Memorial Day, the unofficial first day of summer, has always been a day of reflecting upon the sacrifices of our fallen service members. It takes a special kind of person to fight for a cause greater than themselves in order that the rest of us would be able to enjoy the freedoms they valiantly protected.
Greater love has no one than this, that someone lay down his life for his friends. John 15:13 English Standard Version (ESV)
When we were young, Memorial Day was also a day when my brother and I would take our annual trek with our grandma to the local cemetery to pay our respects to the heroes within our family as well as other family members who’ve passed on. It was such a simple, loving, tribute to place flowers upon the graves of our loved ones.
I’ve always looked at cemeteries as sacred ground and as such I get this sort of out-of-body experience where I feel a little light-headed and indescribably strange. Knowing that death is an inevitable part of life one would think I’d be accustomed to visiting cemeteries but almost some 50 years later I still feel squeamish.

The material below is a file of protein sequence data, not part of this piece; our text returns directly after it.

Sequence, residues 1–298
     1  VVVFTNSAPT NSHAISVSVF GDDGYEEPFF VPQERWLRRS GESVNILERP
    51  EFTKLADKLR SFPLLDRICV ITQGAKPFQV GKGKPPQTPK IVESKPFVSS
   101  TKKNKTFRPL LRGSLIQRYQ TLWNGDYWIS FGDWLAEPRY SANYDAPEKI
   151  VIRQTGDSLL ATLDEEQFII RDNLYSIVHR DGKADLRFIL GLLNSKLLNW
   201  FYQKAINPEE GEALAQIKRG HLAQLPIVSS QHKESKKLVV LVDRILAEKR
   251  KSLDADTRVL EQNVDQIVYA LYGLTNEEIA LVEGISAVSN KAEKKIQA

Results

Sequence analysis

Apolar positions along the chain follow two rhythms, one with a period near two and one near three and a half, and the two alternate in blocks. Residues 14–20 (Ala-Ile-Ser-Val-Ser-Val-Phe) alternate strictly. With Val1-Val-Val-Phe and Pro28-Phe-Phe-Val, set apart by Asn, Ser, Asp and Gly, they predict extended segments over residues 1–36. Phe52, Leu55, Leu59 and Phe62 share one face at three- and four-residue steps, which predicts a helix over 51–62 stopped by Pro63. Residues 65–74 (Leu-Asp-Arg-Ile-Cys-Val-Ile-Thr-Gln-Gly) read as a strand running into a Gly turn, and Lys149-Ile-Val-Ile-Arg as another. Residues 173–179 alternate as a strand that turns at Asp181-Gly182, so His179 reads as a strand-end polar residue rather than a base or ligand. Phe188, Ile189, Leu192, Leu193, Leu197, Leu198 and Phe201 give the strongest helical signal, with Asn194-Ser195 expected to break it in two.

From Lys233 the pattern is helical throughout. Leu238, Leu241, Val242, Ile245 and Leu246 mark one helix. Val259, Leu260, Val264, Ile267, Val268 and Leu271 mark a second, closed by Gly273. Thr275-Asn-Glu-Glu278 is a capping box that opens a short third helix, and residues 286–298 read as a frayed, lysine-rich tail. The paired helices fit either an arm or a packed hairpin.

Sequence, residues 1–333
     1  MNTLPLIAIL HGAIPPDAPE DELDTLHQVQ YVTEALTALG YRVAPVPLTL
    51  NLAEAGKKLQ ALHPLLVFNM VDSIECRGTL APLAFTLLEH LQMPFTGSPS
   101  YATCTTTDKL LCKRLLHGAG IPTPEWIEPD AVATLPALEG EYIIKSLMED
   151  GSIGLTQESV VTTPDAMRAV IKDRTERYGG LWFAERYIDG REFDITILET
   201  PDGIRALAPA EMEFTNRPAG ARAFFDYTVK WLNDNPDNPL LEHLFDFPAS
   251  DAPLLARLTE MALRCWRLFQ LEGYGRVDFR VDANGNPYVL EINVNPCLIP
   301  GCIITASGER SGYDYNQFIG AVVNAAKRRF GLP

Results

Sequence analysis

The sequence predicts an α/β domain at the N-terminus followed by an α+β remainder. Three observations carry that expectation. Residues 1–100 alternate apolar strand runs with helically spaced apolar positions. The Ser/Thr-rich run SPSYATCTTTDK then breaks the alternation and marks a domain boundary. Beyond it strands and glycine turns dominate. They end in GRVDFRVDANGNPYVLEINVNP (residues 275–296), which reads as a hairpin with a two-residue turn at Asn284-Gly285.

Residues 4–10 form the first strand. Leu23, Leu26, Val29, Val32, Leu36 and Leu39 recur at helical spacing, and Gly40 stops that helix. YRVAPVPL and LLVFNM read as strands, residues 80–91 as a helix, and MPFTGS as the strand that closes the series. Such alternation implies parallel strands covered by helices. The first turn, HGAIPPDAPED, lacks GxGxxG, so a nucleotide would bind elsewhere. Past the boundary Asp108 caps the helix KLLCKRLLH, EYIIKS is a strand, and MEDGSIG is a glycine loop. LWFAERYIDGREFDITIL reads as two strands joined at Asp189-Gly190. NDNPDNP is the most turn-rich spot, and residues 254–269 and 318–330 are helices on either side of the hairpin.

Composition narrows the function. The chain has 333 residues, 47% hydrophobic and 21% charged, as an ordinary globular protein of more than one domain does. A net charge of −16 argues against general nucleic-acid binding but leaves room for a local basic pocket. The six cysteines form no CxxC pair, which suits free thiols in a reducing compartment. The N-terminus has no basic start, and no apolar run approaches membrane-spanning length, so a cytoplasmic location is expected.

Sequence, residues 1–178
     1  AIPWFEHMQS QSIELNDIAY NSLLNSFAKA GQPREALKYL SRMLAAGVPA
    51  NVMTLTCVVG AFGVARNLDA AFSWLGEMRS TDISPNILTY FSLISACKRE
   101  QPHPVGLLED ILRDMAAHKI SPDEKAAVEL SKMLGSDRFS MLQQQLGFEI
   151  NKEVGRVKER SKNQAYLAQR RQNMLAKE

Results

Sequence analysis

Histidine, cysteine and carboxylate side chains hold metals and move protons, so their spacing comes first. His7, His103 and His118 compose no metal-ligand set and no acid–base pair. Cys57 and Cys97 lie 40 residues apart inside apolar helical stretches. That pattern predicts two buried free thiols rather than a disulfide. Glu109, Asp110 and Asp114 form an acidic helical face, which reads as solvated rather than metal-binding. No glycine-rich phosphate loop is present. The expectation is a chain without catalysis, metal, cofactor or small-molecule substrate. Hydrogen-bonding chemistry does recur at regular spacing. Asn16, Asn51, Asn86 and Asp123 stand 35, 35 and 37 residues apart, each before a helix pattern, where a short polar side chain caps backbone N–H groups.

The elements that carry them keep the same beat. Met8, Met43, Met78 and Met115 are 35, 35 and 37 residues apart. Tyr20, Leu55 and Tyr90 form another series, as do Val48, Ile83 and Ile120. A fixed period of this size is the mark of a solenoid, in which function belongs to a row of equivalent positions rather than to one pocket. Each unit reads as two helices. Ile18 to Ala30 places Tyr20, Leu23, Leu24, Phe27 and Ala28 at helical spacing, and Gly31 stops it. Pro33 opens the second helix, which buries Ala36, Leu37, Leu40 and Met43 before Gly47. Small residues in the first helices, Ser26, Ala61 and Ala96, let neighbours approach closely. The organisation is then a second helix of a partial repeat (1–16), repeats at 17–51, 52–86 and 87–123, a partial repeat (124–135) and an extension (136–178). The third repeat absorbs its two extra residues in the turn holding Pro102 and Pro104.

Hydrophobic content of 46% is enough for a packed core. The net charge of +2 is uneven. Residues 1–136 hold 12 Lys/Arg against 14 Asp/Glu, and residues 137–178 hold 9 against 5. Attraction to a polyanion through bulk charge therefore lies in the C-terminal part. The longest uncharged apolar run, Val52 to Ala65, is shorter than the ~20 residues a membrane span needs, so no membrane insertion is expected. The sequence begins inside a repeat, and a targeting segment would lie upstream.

Though none of us know for sure when our last moment of life might be, many of us face times now and again where we have a close call. For me this happened a couple of days ago where I wasn’t quite sure if I was having a serious issue but I was fearful.
I’m so grateful I was able to share what was happening to me with two of my best friends (Lisa and Lori). One of them is a friend from childhood and the other (an adopted family member) I met later in life.
These wonderful, strong, and selfless women see me at my worst and still accept me, listen to me without judgement, speak truth to me though I may not want to hear it, take action when I don’t know where to turn, love me unconditionally, and remind me that I do matter.
Lisa and Lori, you mean the world to me and I love you.
On this Memorial Day remember our fallen heroes but also appreciate those who are still here. Life is not a dry run and there are no second chances.
“And I’m proud to be an American,
where at least I know I’m free.
And I won’t forget the men who died,
who gave that right to me.”